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Recycling is a regional business. Each city has its own rules. This makes it difficult for those who want to learn how to recycle properly. Recycling can be confusing.

Jeffrey Raymond, chief of communications for Baltimore’s Department of Public Works, says that there are many rules. “When communicating all this, it’s important to strike a balance between making recycling easy for people and making it difficult enough that they won’t recycle.”

Here are some recycling best practices:

1. No bags. No bags.

 Grocery bags can dissolve into potentially dangerous microplastics; ingestion or entanglement can harm and even kill. These bags are the worst. These bags can be recycled technically, but you need to take them to a drop-off location and not to your curbside.

Plastic bags are the most common contaminant in recycling loads. Plastic bags can act as “tanglers”, catching in machinery and shutting it down.

According to Griselda Guillen, the recycling center in Montgomery County, Maryland, workers are not permitted to open plastic bags containing recyclables. This means that the bag is considered trash, even if it contains water bottles.

Although grocery bags are the poster children of plastic pollution, sandwich bags and bubble wrap that fail the poke testing (where the plastics are flexible enough to be pushed through your finger) are prime candidates for commercial drop-off areas.

You shouldn’t bag your recyclables. Instead, just dump them in your blue bins.

Solution – Buy a few canvas bags and get some reusable containers.

2. Even small things can cause big problems.

Anything smaller than a credit-card size can’t be recycled. This includes straws and coffee pods, cup caps, plastic cutlery, paperclips, and many other small things that can sneak into our everyday lives. These small objects can block recycling equipment and are difficult to sort.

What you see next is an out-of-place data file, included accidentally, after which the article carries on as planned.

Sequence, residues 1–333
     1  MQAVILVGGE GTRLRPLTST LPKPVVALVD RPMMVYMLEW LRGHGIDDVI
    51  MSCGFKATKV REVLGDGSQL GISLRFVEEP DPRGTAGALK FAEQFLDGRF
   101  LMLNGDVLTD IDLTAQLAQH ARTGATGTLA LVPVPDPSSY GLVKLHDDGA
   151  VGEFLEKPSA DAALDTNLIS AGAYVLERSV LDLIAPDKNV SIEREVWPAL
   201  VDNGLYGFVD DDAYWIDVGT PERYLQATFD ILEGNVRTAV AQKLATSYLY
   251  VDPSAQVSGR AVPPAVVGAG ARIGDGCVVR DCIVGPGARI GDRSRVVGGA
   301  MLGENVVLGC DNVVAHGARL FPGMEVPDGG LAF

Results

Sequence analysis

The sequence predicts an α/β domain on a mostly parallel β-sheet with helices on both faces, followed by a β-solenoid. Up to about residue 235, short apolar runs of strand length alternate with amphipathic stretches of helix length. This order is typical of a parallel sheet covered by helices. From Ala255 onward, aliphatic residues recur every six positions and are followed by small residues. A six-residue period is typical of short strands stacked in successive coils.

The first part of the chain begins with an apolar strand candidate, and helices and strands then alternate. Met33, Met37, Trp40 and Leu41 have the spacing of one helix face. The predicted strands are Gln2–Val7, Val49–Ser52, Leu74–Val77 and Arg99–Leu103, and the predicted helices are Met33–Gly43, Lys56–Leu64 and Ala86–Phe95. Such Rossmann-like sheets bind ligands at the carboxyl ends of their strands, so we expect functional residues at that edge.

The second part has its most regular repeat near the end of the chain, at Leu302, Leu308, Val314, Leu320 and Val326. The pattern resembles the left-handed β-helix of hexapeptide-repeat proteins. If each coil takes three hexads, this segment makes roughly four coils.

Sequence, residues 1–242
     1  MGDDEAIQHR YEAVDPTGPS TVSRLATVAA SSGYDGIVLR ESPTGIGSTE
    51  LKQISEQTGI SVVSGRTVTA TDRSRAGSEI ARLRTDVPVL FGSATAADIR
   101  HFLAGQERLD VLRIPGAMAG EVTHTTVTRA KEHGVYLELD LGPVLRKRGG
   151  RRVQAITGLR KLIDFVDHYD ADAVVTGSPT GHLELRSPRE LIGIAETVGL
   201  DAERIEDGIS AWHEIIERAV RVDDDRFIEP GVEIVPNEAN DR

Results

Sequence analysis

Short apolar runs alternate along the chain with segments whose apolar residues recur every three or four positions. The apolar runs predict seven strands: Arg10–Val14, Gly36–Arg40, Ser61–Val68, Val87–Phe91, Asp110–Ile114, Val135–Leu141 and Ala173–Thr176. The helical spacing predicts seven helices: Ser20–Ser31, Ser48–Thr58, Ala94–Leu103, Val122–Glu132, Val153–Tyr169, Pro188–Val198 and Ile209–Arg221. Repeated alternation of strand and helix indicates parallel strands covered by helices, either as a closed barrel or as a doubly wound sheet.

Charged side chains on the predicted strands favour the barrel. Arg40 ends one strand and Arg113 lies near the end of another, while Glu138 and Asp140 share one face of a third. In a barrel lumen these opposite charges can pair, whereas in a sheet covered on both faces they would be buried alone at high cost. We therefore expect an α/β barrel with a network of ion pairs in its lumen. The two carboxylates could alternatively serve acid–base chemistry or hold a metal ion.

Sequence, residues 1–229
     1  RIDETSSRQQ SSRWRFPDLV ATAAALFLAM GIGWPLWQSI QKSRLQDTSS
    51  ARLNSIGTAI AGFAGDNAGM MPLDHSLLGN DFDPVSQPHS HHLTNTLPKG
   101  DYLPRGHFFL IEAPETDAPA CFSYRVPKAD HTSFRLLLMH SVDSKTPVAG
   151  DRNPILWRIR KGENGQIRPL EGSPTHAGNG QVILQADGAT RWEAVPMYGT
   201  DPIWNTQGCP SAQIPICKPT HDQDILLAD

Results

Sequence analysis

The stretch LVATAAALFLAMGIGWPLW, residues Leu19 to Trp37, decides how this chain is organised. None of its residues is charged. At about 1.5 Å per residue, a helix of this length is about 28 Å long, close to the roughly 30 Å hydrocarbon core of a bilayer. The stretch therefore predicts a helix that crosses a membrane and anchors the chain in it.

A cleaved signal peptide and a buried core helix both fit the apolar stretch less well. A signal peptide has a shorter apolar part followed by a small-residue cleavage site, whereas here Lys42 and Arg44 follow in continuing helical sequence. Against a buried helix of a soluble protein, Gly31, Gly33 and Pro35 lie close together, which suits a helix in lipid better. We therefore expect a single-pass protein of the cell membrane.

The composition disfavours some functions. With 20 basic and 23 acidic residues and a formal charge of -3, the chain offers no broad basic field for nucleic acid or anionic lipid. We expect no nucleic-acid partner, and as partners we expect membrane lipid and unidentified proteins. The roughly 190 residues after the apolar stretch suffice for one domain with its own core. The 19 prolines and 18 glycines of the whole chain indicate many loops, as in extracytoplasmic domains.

Guillen says that these contaminants can cause machines to stop working at Montgomery County’s Recycling Center 10-15 times per day.

What about metal caps and plastic lids? You might ask.

Helen Lee, Alexandria, Virginia’s Resource Recovery Division, points out that “if the plastic cap is removed from the bottle, it will become larger than a business card, so it would be captured by the sorting equipment.”

According to the Association of Plastic Recyclers, plastics can be easily separated after being ground into pellets.

This is not possible for metal bottlecaps which can easily fall off glass bottles. Sometimes, you can bring the metal bottle caps to companies that take scrap.

Solution – Be mindful of what you put in your recycling bin

3. It should be clean, empty, and dry

Whole loads of recyclable material are made useless by food waste. They can also be quickly towed to landfills. The U.S. has 25% of its recycling loads contaminated by food waste.

Lee says, “The message that we want residents to remember is clean and empty and dry.”

But how clean is it?

Howard Lee, Washington, D.C.’s Office of Waste Diversion, says, “I always tend not to tell people that their recycled material should be clean enough for them to use again.” If you are concerned about rodents, rats, or any other pests, you should not put your recyclables in the bin.

Keep this in mind when advertising at your local fast-food restaurant. Recently, I saw a taco bowl made of paper that said, “Please recycle.” It’s false news. It’s impossible to recycle anything that has been stuffed with salsa and beans. It’s possible to compost that bowl with more success, but it’s difficult.